In a WARC Best Practice paper, How to use behavioural science to build new habits, Crawford Hollingworth, co-founder of The Behavioural Architects, and his colleague Liz Barker, Global Head of BE Intelligence & Networks at the behavioural science consultancy, argue that "habits are, in effect, the marketing 'holy grail'."
Habits make up a huge proportion of our daily lives, they note, and once formed, they become such second nature that breaking or changing them can be near impossible.
That's one reason why half of new products fail: "the real problem often lies not in a lack of awareness or knowledge in the consumer, or even a lack of intention to use, but in the failure to change existing habits or adopt new ones".
Accordingly, the authors outline six strategies that marketers can employ to build, maintain and disrupt consumer habits.
The single most important of these, state Hollingworth and Barker, is the creation of a supportive environment.
So, for example, a health-conscious person looking to cut their consumption of wine or beer on a weekday evening is more likely to succeed if they ensure there is little, if any, of either drink in the home and they can find an acceptable substitute.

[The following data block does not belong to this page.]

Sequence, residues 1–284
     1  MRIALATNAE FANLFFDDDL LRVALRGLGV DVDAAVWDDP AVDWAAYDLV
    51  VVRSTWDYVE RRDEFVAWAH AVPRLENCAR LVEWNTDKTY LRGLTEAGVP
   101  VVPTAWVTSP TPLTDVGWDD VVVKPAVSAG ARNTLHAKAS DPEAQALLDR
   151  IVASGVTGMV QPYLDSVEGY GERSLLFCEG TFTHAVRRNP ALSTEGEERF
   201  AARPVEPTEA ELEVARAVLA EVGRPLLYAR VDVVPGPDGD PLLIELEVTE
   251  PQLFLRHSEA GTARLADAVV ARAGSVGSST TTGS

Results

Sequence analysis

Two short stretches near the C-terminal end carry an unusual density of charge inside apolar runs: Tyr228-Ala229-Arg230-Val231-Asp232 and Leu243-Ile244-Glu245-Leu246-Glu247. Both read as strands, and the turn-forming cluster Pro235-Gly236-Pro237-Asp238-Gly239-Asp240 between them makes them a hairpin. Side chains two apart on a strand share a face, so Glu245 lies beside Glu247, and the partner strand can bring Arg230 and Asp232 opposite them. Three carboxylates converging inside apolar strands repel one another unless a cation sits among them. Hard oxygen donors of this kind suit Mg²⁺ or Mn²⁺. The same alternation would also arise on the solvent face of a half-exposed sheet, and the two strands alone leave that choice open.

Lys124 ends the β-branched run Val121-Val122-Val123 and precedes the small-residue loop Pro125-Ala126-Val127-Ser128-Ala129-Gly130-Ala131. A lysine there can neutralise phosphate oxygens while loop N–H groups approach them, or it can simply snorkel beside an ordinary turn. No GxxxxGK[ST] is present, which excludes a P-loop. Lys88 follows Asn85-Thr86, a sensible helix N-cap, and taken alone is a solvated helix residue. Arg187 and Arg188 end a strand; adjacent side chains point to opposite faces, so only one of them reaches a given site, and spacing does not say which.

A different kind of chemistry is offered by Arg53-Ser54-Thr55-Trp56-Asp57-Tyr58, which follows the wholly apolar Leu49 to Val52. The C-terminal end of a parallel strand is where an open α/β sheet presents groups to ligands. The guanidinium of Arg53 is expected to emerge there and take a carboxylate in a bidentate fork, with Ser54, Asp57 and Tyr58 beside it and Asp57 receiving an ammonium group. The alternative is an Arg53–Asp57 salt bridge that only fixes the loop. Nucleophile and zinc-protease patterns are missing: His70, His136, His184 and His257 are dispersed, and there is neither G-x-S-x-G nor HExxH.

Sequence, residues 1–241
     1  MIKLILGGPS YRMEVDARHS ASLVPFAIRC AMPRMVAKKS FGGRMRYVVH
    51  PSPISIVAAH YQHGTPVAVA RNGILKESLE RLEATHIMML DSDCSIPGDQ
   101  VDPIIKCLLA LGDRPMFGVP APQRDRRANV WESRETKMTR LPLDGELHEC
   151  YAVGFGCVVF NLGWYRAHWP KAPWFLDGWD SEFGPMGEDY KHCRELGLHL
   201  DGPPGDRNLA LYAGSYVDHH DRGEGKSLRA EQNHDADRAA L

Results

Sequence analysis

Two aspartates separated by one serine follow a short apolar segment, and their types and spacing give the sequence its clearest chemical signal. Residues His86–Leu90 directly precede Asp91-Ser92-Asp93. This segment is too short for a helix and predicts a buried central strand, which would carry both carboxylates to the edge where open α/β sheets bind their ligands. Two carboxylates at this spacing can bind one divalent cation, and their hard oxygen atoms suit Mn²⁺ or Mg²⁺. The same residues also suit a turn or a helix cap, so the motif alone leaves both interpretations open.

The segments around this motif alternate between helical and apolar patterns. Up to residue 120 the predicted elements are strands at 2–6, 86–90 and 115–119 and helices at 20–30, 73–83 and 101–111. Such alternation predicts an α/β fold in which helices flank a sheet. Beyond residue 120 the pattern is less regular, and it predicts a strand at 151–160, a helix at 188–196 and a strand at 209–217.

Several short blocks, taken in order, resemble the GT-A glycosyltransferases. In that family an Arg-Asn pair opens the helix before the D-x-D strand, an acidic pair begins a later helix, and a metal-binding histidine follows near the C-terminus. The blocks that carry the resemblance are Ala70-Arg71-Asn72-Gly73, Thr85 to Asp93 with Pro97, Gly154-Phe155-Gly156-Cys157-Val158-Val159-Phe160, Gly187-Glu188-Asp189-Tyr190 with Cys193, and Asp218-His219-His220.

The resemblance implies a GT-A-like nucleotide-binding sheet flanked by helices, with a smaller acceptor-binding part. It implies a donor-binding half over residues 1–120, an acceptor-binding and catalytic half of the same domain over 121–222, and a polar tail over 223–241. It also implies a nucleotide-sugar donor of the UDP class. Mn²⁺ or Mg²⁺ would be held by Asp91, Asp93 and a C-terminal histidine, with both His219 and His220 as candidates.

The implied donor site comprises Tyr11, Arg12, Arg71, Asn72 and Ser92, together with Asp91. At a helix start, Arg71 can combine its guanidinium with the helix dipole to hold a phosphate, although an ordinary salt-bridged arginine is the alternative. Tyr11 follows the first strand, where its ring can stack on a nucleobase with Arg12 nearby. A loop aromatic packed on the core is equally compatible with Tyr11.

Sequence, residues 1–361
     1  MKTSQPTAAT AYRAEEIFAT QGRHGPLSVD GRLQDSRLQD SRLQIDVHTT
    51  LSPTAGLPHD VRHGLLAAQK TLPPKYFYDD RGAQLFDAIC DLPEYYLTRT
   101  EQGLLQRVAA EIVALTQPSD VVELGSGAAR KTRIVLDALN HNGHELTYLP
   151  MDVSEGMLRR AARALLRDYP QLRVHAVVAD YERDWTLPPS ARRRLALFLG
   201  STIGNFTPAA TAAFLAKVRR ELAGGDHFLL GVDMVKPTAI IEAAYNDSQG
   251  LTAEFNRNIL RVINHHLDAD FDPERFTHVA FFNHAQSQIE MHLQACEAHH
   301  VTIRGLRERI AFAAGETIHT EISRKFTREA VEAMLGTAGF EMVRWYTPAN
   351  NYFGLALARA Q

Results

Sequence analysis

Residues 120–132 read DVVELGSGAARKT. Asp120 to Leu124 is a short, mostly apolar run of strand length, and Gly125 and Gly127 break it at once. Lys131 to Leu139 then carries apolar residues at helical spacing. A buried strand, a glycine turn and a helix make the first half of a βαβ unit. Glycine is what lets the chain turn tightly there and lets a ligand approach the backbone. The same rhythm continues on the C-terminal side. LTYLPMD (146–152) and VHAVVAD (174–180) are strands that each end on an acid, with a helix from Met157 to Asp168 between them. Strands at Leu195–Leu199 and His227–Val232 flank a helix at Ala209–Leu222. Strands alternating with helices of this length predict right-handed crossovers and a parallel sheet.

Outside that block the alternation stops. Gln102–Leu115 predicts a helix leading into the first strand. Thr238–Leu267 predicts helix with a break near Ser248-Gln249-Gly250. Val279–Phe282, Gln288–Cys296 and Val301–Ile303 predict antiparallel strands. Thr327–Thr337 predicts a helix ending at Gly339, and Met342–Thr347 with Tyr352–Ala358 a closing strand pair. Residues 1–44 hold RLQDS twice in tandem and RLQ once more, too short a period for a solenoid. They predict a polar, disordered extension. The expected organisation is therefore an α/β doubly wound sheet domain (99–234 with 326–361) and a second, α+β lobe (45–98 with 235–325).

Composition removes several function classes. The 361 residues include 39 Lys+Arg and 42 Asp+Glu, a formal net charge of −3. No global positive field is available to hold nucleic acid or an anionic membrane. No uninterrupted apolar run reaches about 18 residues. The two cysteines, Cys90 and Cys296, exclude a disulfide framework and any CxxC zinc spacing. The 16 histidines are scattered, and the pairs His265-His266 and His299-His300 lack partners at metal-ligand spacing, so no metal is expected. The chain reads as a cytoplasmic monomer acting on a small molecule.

"Making … small but effective changes to the context can help promote a new habit," the authors note.
Marketers should also look at how they can leverage the shifting contexts that frequently appear in consumers' lives – moving house, changing jobs, having a baby, retiring – when opportunities to establish new habits arise.
Piggybacking on existing habits is another option, rather as Kellogg's did with Pop Tarts – a ready-made breakfast snack heated in a toaster which made an instant mental connection with Britons' regular morning routines.
That example also highlights a third factor – making a new habit easy to do. Marketers may also wish to consider creating cues and rewards as a way of developing it.
Practice and repetition are particularly important if people are learning something entirely new, say the authors, citing Apple stores, which let consumers use and play around with their products, as "great examples of how a learning space can be created".
Finally, building meaning and motivation can help sustain behaviour change and prevent relapse into old ways.
Data sourced from WARC